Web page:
Bruce, how did plans for Jessa’s hilarious surprise wedding develop? (I enjoyed his choice of music for the recessional, Lady’s “Pussy Be Yankin’,” but was sad we did not get to hear one of his mashups.) And Alex, is it hard to sustain Ray’s disdain for the generation underneath his when you’re constantly surrounded, on the set of Girls, with counterexamples of 26-year-olds working their asses off and making something great?

Karpovsky: I live in Williamsburg. If I’m looking to galvanize my disdain for younger ones, Bedford avenue is but a few blocks away.

Kaplan: There was actually a serial killer finale planned at one point, although in the writers’ room anything and everything comes up and it doesn’t mean anything. Jessa’s marriage came up when talking about what people felt she might do—and her marrying Thomas-John specifically came up naturally when the character and then the actor showed up, if that makes sense.

Engber: Was Booth Jonathan going to be the killer? Was there ever a plan to bring back Booth Jonathan? I feel like he is the equivalent of the Russian from The Sopranos.

Kois: Oh man, Bruce, PLEASE tell me that his name really is Thomas-John. With a hyphen. Is that true?

Kaplan: Completely true!

Kois: Is he based on a real-life douche? Or is he an amalgamation of all douches? You can tell us.

Kaplan: I am not aware of him being a specific douche.

Stevenson: Bruce, I’d also love to know if the (extensive!) commentary surrounding the show has at all shaped the way the writers have approached Season 2. I’m sure you’d all like to ignore the peanut gallery and focus on an internally crafted vision, but it must be difficult not to let hints of those outside perspectives seep in.

Kaplan: I can really only speak to myself in answering this one. I am not shaped in any way by the commentary. I think of these characters as people independent of viewers, or even writers, and I only think about what they would or would not do in my opinion.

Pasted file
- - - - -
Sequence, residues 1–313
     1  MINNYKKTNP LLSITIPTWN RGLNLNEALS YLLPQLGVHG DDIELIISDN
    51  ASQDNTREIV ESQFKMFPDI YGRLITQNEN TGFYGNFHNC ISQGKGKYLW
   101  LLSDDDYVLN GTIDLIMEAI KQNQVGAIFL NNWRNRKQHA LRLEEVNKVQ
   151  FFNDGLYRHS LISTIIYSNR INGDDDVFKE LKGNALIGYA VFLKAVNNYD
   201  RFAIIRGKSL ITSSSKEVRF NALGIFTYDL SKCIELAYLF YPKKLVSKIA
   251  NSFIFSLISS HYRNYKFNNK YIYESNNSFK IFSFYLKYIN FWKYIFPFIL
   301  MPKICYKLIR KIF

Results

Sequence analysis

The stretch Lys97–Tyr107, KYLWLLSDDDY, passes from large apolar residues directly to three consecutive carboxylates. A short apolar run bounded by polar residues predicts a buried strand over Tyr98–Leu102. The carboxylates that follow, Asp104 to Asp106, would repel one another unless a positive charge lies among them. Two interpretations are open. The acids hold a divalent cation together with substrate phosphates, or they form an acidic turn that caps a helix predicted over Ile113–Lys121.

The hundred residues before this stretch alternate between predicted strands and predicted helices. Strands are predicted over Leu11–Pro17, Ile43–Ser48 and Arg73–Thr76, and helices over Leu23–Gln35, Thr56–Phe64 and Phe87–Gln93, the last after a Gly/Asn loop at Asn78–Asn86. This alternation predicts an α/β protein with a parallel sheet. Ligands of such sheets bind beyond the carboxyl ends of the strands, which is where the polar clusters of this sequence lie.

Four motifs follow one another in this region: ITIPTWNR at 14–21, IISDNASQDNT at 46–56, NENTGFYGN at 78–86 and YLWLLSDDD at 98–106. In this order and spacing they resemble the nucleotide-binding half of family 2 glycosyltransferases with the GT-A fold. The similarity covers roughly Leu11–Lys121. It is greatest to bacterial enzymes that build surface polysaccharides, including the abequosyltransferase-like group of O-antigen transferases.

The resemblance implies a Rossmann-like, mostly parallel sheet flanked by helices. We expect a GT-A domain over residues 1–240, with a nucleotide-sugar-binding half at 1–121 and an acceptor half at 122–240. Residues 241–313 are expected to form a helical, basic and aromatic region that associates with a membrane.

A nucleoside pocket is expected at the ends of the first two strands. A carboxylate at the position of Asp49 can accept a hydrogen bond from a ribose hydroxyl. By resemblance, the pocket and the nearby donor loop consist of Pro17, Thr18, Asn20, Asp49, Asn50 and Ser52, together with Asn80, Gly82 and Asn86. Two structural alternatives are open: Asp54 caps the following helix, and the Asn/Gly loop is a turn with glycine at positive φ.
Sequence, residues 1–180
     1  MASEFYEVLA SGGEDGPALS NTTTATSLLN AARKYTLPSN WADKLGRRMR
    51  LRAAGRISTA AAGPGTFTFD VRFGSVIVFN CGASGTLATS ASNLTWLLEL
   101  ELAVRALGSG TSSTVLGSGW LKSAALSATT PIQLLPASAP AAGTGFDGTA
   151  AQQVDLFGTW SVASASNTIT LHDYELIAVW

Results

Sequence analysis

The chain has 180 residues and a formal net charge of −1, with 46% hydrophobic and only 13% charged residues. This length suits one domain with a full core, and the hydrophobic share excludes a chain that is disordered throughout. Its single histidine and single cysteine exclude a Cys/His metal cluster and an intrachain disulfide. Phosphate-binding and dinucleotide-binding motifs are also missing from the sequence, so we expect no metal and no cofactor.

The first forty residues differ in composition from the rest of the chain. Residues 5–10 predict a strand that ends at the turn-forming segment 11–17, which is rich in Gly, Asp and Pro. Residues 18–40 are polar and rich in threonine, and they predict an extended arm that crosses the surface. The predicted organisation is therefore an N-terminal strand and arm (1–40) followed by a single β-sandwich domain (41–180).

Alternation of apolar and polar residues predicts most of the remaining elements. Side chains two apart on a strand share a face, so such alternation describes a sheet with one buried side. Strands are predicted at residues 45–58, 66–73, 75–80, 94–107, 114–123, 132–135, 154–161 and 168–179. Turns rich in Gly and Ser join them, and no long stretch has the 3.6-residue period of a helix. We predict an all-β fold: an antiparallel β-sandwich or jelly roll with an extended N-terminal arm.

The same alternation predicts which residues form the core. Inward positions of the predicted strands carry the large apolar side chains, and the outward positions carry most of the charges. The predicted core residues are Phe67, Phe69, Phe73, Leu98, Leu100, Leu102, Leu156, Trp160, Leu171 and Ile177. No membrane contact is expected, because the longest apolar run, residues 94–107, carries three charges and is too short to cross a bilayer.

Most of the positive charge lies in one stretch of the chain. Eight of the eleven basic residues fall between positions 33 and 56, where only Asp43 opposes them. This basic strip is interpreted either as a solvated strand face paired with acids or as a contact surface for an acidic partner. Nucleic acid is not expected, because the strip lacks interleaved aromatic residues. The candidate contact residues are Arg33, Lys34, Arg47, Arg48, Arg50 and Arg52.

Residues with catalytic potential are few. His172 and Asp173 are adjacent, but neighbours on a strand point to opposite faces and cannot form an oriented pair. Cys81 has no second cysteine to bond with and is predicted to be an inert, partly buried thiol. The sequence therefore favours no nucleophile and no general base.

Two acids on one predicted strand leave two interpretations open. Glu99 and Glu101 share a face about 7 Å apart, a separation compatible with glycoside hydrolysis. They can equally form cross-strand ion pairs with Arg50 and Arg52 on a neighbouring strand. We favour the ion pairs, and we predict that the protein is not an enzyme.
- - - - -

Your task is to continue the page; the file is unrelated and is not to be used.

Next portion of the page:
Haglund: You mentioned writers on set rewriting a scene that’s being shot right then. Are there any particular scenes that you recall being rewritten really extensively?

Kaplan: No one scene comes to mind, but many scenes, requiring alternate lines or even directions to go in. Right now, they are shooting downstairs and I am going to disappear from this discussion for ten minutes to email some alternate dialogue.

Kois: Go ahead and CC us, please, Bruce. This way you can get the critics to weigh in before you even film!

Stevenson: Maybe I’m viewing this through the distorted lens of actual adulthood, but it seemed to me that the girls got flakier while the boys revealed hidden depths. Ray is incredibly kind in the way he deals with Shoshanna. Adam was “very moved” by the wedding and willing to push his relationship with Hannah forward. But perhaps the girls were mired in a false sense of maturity, and in need of a healthy collective freakout, while the boys are deluding themselves into thinking they’re men.

When Marnie giggles at one of Bobby Moynihan’s doofy jokes, Hannah stares at her like she’s been infested by a pod creature. Likewise Jessa, the free spirit—she’s suddenly marrying a finance douche? And Hannah gets what she wants but suddenly decides she doesn’t need it—where did that come from? To quote Jessa: “Your dreams are not what you thought they’d be.” I do recall my mid-twenties as a time for my friends and I to try on different personas… maybe that’s what happening here.

Kois: It’s funny that “flakier” is the word you use, because it mirrors Adam’s explanation to Hannah, early in the episode, that emotional exfoliation is what will make her, finally, into who she ought to be. “You’re forming every time you shed a layer,” he says when she’s feeling guilty about Marnie, “getting closer to yourself.” Adam is supremely comfortable in his own skin, of course—that’s why he’s even more awesome at slow dancing than he is at fast dancing. Ray was comfortable in his own skin until Shoshanna’s weird energy threw him off—but he still believes he’s worthy of deflowering her.